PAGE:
Readers weigh in on the dangers of transparency, the state of the luxury industry, and what modern monetary theory would mean in practice
SIR – I was pleased to read Alec Marsh’s interview with Filippo Noseda on the subject of Fatca, the Common Reporting Standard and the erosion of the right to privacy (Spear’s issue 77).
Filippo is brave to put his head above the parapet on this issue, given that the prevailing view among politicians and media commentators (and probably the public) is that you can never have enough transparency. I remember David Cameron extolling the virtues of the UK’s newly introduced public beneficial ownership registers in 2016, saying that we should ‘let the sunshine in’ – as if the wholesale disclosure of the private information of millions of individuals could be likened to a sunny, happy day.
The reality is that public registers, along with various automatic disclosure regimes, pose a real risk to our rights to privacy and the security of our data. Cifas (which runs the National Fraud Database) estimated that 20 per cent of all cases of identity theft between 2012 and 2015 were perpetrated against company directors.
This disproportionate outcome was the result, they say, of the fact that directors’ private details were published on the Companies House website. This information, such as name, month and year of birth, address and so on, is harvested by fraudsters.
A separate study by Portsmouth University found that there were 3.25 million victims of cyber-crime in the UK alone. The rapid extension of transparency initiatives since 2016 has increased the availability of private information, either through legal means such as public registers or illegal means such as hacking.
Present-day lawmakers seem to forget that privacy is enshrined as a human right as well as in data protection law, for good reason – without any privacy we have no dignity, no respect for our private or family life.
Furthermore, if personal data is published online or passed freely around the globe, we also face the very real risk of identity theft and fraud. Well done to Spear’s for highlighting this issue.
SIR – The Spear’s Luxury Index (issue 77) captures the breadth and brio of the eclectic talent in the luxury sector in a year which has brought unimaginable challenges. To celebrate the exceptional in a time of trial feels more important than ever, and those celebrated by Spear’s have responded with courage and fortitude, and more than that have discovered that constraint is the author of incredible creativity and entrepreneurship.
As CEO of Walpole, I was particularly delighted to see so many British luxury leaders and creatives lionised, from game-changers to rule-breakers, from legendary custodians of family businesses to founders, from mavericks to torchbearers.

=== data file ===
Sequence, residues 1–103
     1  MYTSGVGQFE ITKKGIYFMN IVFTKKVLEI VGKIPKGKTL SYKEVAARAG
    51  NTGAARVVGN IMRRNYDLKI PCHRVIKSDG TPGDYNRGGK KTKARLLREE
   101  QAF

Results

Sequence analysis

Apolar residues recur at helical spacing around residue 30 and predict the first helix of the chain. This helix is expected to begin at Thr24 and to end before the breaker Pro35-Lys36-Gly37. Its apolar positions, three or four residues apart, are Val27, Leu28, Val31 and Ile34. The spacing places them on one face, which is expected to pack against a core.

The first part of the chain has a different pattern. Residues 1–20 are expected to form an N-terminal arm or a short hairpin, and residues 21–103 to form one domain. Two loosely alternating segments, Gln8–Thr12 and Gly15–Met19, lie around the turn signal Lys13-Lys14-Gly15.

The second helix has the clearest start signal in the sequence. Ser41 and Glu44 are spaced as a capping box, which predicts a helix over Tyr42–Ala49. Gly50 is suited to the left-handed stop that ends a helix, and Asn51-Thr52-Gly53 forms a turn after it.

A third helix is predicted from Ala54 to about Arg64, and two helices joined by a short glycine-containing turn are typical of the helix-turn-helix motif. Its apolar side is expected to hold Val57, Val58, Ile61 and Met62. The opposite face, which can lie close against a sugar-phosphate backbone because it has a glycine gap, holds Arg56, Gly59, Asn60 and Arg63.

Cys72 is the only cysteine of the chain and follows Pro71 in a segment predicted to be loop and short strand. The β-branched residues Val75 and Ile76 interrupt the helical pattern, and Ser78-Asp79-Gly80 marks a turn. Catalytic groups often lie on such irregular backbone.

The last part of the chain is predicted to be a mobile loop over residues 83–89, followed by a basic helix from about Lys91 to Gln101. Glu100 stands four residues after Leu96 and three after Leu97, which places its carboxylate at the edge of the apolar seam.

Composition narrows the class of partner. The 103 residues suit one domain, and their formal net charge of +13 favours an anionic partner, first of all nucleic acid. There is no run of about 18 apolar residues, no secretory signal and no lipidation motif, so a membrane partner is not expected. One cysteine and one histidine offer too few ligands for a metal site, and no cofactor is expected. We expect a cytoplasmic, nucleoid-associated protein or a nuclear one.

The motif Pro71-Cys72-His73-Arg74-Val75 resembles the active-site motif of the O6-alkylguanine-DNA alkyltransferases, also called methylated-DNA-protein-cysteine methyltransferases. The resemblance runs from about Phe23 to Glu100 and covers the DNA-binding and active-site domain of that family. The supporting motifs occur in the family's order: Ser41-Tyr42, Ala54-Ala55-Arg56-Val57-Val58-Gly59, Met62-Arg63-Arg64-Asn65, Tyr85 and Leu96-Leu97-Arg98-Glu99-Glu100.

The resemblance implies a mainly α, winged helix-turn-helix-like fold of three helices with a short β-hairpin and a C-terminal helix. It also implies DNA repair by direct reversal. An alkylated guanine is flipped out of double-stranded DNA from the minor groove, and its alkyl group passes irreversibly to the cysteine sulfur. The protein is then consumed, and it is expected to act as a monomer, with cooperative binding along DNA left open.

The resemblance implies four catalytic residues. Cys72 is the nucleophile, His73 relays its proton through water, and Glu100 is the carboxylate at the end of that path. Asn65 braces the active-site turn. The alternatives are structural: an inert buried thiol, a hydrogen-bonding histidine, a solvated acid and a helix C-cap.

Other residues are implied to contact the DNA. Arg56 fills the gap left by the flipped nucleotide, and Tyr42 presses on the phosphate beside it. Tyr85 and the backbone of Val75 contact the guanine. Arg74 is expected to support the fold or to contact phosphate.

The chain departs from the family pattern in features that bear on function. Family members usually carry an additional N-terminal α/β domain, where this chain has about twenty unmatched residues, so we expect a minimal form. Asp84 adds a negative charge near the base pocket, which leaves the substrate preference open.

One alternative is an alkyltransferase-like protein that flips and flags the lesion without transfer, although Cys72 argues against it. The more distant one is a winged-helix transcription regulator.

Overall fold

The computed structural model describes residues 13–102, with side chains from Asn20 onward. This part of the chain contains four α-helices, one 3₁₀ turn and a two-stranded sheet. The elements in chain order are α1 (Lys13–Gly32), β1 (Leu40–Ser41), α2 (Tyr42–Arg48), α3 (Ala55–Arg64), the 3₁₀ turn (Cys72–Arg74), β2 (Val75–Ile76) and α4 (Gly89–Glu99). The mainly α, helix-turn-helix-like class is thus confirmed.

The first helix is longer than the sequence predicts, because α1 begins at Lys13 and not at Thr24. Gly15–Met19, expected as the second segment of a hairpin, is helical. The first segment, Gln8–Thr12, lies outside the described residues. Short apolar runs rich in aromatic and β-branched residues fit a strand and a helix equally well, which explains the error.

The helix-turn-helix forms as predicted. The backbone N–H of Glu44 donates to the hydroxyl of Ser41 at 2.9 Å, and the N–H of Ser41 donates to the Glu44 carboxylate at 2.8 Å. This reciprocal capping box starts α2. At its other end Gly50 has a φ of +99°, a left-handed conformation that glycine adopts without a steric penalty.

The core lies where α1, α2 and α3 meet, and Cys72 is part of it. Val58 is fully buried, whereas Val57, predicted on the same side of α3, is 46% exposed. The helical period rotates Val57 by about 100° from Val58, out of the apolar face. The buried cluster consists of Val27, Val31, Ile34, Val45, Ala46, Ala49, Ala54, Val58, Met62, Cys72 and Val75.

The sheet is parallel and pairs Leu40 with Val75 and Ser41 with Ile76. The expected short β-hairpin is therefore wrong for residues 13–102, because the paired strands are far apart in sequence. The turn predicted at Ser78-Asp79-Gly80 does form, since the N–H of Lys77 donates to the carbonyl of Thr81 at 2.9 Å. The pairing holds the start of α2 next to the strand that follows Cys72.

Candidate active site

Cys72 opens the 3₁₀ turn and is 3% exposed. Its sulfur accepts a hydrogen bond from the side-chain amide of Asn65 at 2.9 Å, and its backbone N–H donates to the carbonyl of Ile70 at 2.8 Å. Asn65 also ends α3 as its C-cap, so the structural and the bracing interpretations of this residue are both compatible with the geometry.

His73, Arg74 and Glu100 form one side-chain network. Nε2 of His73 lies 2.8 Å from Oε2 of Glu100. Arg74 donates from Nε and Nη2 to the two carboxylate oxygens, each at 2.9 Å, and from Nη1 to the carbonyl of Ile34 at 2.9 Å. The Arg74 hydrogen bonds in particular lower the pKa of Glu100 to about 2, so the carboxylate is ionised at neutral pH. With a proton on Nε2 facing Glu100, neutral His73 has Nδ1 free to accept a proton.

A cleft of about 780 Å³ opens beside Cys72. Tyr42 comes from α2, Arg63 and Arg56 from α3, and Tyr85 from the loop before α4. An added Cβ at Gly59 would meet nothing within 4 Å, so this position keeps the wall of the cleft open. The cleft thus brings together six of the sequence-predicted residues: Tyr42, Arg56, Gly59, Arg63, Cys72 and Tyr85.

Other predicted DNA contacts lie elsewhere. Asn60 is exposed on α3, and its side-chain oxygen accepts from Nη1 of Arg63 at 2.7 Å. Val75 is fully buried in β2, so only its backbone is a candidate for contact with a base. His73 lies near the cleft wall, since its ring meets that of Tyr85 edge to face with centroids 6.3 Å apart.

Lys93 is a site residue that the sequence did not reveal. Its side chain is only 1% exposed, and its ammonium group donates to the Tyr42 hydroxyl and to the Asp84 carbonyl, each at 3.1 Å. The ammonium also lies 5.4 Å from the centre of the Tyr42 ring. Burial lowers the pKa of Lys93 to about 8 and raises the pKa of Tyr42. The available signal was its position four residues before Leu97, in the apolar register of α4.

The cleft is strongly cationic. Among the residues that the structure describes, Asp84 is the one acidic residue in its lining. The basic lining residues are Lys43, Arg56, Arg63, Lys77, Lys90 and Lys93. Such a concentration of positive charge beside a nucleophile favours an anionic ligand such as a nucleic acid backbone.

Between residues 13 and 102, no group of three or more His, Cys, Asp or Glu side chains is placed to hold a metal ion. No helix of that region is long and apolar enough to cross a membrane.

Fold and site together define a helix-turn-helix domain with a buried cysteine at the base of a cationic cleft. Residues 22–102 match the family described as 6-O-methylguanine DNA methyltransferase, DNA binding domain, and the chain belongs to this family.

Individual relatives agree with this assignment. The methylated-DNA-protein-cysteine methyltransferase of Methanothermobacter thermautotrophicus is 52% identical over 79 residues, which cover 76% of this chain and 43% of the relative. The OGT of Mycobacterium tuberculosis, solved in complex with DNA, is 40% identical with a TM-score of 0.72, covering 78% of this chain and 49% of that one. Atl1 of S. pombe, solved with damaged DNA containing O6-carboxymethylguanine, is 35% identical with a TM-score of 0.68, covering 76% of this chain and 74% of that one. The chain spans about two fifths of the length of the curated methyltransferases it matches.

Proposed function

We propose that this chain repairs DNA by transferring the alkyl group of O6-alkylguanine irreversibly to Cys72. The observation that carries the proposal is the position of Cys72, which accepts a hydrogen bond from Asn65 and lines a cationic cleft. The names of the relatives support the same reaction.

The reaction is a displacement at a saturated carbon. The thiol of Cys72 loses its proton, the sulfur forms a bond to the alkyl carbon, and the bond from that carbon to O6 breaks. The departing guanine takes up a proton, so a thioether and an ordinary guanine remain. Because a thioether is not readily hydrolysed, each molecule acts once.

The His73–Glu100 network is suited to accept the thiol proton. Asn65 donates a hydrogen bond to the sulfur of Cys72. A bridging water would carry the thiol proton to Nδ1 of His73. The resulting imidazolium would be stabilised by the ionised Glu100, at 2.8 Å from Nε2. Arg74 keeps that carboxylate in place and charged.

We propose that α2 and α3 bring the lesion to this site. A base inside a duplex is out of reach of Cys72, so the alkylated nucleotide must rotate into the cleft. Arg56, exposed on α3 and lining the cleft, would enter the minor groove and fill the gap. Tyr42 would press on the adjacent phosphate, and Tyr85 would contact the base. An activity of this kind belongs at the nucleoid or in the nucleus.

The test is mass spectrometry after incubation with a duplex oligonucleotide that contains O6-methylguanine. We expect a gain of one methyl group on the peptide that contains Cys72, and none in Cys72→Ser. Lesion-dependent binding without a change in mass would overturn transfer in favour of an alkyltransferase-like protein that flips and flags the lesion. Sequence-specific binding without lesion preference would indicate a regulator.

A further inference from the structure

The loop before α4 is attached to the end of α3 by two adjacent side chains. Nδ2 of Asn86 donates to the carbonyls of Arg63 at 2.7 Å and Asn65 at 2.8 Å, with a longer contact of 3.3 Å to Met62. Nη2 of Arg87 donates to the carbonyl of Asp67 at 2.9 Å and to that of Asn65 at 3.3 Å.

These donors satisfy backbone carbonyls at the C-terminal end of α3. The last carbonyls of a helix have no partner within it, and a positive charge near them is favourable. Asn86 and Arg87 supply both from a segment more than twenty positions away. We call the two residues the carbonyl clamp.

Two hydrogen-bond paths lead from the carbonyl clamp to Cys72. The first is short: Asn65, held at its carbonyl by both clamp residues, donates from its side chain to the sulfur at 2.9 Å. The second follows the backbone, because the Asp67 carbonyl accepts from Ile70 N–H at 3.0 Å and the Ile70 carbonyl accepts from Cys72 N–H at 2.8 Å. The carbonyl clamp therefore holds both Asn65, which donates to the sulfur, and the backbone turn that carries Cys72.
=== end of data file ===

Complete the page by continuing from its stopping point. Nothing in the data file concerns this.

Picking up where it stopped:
Sometimes it takes a crisis to show you what you’re made of, and the Spear’s luxury list shines a brilliant spotlight on exactly why luxury is the jewel in the crown of British business. It’s always about the people.
SIR – The Spear’s piece about the future of the luxury industry (issue 77) resounded in many ways, particularly the parts about Dries Van Noten’s rallying cry to reduce the amount of clothes we produce, Gucci creative director Alessandro Michele’s plans for ‘seasonless’ fashion and the comment by the founding director of Redrice Ventures that ‘small is surely beautiful, just because of sheer agility’.
I agree that the pandemic has ‘levelled the playing field for smaller brands who can reach consumers much more cheaply with no expectations of extravagant events and shows’.
I hope it will encourage more British brands to manufacture at home again, train young people in our many clothes-making skills, and possibly convert some of the many thousands of physical retail sales jobs lost into more rewarding creative roles in the luxury industry.
I believe physical retail will remain a huge part of the luxury market.
Boutique bespoke shirtmaker
MMT’s empty gestures
SIR – I support government’s increasing focus on improving the lives of citizens and ensuring high levels of productive engagement in economies. And I agree that deficit spending can and should be a meaningful part of this. I do not believe, however, that deficits are meaningless.
Modern monetary theory’s proponents believe government spending can be limitless (issue 77), but they forget we live on a planet with other governments and currencies.
Like it or not, investors and citizens will store wealth and make investments that generate the best returns. A country that views monetary supply as limitless will not be that place, as it will infl ate away its wealth.
As investor preferences move to hard assets (such as gold) or digital assets limited in supply (Bitcoin), we will see that money is more than a fiscal lever.
We may wish to live in a world where economic constraints do not limit government largesse. Unfortunately, we do not live in that world.
Simoleon Long-Term Value Fund